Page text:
Who Was Capt. McFipps?

A pdf file from the South Carolina Electronic Records Archives is a transcription of the Book of Negroes, and is headed “Inspection Roll of Negroes.” The heading says this was taken onboard several ships, as listed, on 30 November 1783. These ships were at Staten Island and were on their way to Nova Scotia.

On page 3 appears a reference to a certain James Tucker, listed as with the Royal Artillery Department. He was 55 years old, and said to be “almost worn out.” Tucker had been a slave of Capt. McFipps in Norfolk. The entry says that he was left with Lord Dunmore in 1776.

This was onboard the Danger, which was bound for Port Mouton in Nova Scotia. The ship’s master was James Duncan.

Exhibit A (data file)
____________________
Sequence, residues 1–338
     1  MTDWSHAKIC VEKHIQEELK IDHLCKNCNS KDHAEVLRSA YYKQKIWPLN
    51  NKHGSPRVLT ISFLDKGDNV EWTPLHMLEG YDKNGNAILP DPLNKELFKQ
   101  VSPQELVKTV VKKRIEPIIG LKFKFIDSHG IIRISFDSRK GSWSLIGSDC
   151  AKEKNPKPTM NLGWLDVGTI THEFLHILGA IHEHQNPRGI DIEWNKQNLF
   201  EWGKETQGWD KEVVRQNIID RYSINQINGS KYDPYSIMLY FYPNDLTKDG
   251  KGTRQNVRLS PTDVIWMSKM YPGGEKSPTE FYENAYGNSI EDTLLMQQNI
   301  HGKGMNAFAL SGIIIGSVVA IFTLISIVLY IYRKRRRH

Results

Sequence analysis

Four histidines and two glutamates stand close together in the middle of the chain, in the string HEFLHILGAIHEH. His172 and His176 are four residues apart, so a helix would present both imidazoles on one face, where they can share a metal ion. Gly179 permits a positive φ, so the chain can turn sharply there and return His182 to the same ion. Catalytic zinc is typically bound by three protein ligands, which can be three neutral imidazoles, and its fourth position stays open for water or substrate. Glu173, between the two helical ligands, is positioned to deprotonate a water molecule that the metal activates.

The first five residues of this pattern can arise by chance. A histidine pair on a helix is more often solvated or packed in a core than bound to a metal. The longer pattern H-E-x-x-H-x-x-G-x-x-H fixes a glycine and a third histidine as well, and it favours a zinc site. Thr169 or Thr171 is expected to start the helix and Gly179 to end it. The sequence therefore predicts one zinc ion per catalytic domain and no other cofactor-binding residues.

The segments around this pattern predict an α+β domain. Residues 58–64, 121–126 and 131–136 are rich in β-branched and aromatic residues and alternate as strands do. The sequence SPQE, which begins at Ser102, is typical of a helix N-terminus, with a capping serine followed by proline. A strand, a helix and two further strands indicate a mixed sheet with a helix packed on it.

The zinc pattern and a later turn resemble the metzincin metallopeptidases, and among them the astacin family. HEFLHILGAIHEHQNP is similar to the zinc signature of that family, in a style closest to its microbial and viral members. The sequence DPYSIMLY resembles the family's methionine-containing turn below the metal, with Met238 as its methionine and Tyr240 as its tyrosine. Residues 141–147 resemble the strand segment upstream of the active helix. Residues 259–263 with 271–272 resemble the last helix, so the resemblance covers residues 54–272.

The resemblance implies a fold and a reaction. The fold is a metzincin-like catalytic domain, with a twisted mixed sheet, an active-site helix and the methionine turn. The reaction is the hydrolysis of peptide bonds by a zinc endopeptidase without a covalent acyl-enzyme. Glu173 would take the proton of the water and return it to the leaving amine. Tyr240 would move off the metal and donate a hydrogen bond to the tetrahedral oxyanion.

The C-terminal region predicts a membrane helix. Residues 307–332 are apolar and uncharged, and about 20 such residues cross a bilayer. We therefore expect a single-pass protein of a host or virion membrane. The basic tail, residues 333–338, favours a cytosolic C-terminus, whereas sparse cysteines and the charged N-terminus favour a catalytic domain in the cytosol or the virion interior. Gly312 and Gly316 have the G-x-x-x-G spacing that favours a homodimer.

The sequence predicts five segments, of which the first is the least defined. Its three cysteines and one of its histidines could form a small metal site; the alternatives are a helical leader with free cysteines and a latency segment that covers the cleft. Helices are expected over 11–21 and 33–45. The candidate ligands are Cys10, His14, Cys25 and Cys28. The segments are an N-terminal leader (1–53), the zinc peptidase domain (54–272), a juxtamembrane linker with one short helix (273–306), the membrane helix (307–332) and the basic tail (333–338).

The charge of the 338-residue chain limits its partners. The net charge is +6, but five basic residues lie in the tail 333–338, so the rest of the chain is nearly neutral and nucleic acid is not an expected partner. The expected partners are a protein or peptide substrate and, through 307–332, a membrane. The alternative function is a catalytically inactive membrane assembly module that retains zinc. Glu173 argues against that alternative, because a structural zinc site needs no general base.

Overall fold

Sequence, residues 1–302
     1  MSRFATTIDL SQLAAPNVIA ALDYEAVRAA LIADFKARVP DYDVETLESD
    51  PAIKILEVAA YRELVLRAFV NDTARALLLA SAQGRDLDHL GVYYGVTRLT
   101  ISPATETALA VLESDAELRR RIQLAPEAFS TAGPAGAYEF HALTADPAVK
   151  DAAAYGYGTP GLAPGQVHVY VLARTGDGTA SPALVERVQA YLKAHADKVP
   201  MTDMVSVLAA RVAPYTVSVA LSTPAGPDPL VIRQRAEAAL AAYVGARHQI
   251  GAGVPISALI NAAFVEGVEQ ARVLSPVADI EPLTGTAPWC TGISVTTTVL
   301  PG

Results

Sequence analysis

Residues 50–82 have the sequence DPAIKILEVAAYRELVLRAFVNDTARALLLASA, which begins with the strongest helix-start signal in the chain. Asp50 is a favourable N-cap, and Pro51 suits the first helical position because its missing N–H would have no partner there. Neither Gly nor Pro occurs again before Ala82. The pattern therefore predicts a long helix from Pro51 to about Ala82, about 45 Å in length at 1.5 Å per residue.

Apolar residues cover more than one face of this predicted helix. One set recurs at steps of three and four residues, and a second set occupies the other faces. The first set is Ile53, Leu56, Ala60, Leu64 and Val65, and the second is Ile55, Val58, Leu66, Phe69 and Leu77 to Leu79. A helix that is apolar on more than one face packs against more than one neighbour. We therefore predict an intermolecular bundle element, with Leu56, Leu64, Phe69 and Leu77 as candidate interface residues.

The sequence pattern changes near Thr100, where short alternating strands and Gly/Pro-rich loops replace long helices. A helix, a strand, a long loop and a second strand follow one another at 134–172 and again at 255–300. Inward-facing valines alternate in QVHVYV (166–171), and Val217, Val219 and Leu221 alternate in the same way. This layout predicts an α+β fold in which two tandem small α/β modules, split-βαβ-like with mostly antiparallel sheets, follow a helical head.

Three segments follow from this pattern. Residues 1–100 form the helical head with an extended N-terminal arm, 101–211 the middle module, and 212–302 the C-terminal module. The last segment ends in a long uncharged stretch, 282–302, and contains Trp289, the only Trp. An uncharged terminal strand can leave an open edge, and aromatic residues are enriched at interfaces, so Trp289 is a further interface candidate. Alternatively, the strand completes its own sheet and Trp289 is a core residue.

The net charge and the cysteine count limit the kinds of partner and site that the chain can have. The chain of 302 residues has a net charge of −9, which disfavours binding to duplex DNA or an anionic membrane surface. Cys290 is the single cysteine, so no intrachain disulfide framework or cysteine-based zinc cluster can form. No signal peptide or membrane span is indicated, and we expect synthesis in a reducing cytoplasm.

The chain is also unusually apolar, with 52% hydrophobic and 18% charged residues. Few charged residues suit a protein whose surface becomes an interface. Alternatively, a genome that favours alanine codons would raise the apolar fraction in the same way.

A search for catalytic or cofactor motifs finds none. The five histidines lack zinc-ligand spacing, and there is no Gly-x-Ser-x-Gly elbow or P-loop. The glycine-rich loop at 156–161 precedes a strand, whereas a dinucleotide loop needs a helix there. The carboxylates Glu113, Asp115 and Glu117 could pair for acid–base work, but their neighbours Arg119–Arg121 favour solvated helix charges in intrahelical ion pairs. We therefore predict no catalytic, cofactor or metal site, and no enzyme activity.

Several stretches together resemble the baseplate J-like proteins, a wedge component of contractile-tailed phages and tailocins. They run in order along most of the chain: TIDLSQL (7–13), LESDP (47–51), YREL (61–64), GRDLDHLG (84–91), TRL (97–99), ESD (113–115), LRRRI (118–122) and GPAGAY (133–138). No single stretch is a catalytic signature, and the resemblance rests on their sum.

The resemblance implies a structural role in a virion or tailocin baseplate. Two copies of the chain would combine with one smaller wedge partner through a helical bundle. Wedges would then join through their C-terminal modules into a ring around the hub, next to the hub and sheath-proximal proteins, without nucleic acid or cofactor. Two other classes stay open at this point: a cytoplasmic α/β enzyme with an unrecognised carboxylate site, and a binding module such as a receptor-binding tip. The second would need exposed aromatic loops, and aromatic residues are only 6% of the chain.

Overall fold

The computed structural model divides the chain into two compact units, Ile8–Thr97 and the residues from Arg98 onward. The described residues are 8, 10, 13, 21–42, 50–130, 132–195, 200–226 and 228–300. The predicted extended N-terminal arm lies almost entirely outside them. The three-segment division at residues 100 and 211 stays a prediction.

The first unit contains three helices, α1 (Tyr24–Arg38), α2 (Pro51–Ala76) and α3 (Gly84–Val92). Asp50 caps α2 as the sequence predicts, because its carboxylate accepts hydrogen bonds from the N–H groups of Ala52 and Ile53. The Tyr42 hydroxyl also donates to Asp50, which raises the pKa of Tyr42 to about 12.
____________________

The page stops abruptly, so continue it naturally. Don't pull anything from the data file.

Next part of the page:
The Black Loyalists website refers to this same James Tucker (here, at page 70) and says that he “joined up” with Lord Dunmore. Here it is added that he was stationed behind British lines within the Royal Artillery Department. Tucker is also discussed in the “Evacuation of New York” page in the same site.

Who, then, was McFipps? No similar name seems to appear in the index to the Virginia Index, although there are, of course references to Capt. Phips, Capt. Phipp, and Capt. Phipps.

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